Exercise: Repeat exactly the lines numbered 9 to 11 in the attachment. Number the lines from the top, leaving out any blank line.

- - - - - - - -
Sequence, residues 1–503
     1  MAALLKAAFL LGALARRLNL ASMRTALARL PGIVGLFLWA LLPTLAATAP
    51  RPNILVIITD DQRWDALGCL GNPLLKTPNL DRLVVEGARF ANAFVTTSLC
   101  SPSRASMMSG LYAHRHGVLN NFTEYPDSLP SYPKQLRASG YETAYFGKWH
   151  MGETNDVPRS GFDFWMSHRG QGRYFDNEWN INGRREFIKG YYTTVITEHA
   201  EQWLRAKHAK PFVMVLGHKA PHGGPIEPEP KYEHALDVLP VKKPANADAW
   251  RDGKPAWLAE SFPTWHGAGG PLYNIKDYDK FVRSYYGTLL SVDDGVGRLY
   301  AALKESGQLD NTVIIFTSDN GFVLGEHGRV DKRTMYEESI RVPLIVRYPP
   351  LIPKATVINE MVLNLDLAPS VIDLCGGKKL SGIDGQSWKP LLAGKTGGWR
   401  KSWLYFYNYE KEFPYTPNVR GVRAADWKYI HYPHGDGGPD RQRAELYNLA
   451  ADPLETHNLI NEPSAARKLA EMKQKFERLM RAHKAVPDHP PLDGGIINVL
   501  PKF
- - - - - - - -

   351  LIPKATVINE MVLNLDLAPS VIDLCGGKKL SGIDGQSWKP LLAGKTGGWR
   401  KSWLYFYNYE KEFPYTPNVR GVRAADWKYI HYPHGDGGPD RQRAELYNLA
   451  ADPLETHNLI NEPSAARKLA EMKQKFERLM RAHKAVPDHP PLDGGIINVL